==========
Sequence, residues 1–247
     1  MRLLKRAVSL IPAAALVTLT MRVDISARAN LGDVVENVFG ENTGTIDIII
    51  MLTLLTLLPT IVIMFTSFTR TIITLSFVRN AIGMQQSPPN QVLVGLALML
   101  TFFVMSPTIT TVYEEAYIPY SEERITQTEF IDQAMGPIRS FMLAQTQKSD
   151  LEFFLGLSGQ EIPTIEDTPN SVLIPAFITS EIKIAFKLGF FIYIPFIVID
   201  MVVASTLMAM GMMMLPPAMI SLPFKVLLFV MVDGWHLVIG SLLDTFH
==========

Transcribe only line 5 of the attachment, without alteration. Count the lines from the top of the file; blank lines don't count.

   151  LEFFLGLSGQ EIPTIEDTPN SVLIPAFITS EIKIAFKLGF FIYIPFIVID